Someone recently wrote:

"It's hard to know what paintings are for anymore.... Why do people buy this stuff, and who is buying this stuff?... If it is possible to be Chardin, what does it mean to be Chardin in 2002 with the infinite circus out there?"

And a lot more like that. Fair enough. But it's easier to start at the beginning. Instead of what it means to be Chardin in 2002, and then what it means to be David Hockney in 2002, let's ask what it meant to be Chardin in 17-whatever, or what it meant to be Fragonard in 17-whatever.

If you'll forgive the language, what is art for? We can't figure out if David Hockney's paintings serve their purpose until we figure out what their purpose is.

Let's start with something T. S. Eliot said about poetry. He has many advantages over me in discussing questions like this. Among others, he's famous and dead, so you won't have the nerve to argue with him. "Poetry has to give pleasure." So art has something to do with pleasure. Which means, I suppose, that it has something to do with beauty, which is the name we give to that which produces that kind of pleasure, a certain mixture of sensual, emotional, and intellectual pleasures.

Two outdoor figure paintings. Which makes us feel better,

Fragonard - Blind Man's Bluff or  David Hockney - Skaters Venice ?

Before I wrote that question, I knew my answer. Then I looked again at the two reproductions. Now I'm not so sure. The Fragonard warms us with more sensual pleasure, in the textures of the cloth and in the implied sexuality of the pretty, blindfolded young girl. But there's an easy cheerfulness in the modern painting which even the lightest Eighteenth Century frolic is lacking. As the Moderns themselves love to say, it is purer. The same cheerful outdoor scene without the mass of distracting details.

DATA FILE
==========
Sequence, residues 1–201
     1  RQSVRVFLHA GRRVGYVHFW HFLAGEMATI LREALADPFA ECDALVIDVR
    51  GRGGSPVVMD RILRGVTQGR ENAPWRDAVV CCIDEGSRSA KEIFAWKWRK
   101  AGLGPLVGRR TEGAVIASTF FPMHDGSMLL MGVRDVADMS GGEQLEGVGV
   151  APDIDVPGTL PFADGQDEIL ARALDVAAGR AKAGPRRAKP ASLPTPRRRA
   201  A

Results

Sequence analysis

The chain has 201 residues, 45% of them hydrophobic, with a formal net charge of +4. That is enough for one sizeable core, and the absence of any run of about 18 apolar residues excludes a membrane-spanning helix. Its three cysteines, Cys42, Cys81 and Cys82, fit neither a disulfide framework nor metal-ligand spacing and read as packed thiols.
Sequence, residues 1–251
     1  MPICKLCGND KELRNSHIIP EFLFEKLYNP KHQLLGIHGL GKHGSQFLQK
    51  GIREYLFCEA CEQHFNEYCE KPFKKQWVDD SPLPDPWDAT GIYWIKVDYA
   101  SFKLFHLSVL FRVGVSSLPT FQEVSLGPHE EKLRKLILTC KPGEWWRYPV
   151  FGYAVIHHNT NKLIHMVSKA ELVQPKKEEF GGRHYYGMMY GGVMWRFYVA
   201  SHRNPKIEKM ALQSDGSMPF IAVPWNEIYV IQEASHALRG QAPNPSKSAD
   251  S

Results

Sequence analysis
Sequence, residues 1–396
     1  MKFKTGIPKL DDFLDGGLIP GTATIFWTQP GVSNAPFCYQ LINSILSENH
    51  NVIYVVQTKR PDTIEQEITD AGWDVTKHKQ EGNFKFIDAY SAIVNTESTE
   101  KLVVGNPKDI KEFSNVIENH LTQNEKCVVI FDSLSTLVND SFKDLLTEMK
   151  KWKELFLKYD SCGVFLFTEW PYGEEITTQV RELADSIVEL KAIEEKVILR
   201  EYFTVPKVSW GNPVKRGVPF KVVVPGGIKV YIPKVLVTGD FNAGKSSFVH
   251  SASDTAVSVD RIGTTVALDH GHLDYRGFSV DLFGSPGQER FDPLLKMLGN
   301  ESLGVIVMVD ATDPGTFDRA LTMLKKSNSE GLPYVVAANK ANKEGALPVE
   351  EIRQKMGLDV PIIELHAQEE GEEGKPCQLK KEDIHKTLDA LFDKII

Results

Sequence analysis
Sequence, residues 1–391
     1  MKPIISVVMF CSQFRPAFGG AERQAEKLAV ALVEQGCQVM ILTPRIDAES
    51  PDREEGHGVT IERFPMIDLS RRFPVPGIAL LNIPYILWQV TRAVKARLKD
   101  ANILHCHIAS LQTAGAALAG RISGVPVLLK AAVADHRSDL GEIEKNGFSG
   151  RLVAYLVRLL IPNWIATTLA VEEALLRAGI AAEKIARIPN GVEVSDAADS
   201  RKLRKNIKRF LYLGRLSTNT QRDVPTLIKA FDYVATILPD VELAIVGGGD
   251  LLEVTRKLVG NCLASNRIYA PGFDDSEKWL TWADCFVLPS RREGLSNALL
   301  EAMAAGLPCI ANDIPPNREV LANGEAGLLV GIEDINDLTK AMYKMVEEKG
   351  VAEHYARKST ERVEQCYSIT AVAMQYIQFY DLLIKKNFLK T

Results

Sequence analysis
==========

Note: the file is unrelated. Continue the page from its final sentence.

Let's try another one:

Claude Lorrain - Seaport with Embarkation of the Queen of Sheba   David Hockney - Day Pool with Three Blues  

Two studies in blue, with perpendiculars.

The much more famous Claude is disturbing, and its problems have all been well targeted by the Moderns. We are shown the harbor as if through some kind of a window cut into the surface of something, but we are not even given a hint of what. We are shown enormous depth behind what is obviously the artificial plane of the painting. David Hockney doesn't allow these contradictions, doesn't cause us this insecurity. The plane of the painting is a well defined plane, and its frame is a well defined frame.

Here's a much easier pair:

Fragonard - Girl Reading   Picasso - Interior with a Girl Drawing  

The soft cloth over the soft flesh of the torso in the Fragonard give a pleasure which Picasso's sharp lines just don't have. And the impossible passages of color on the skin of Fragonard's girl remind us of a warm happiness in a way that Picasso's clean colors can't.

Maybe that's the point. Modern art is indeed purer. But the traditional forms are at least as pleasant, and remind us of the things we are happy remembering.

Three comparisons. One toss-up, one match to the Moderns, and one to the classicists. But maybe there's a pattern to it.

Poor Miss Lawrence didn't dare speak openly against Modern Art. She merely pointed out that it is the minimum which is art. It has less. Less of everything. Fewer virtues, fewer faults.


Spaces, not commas, please!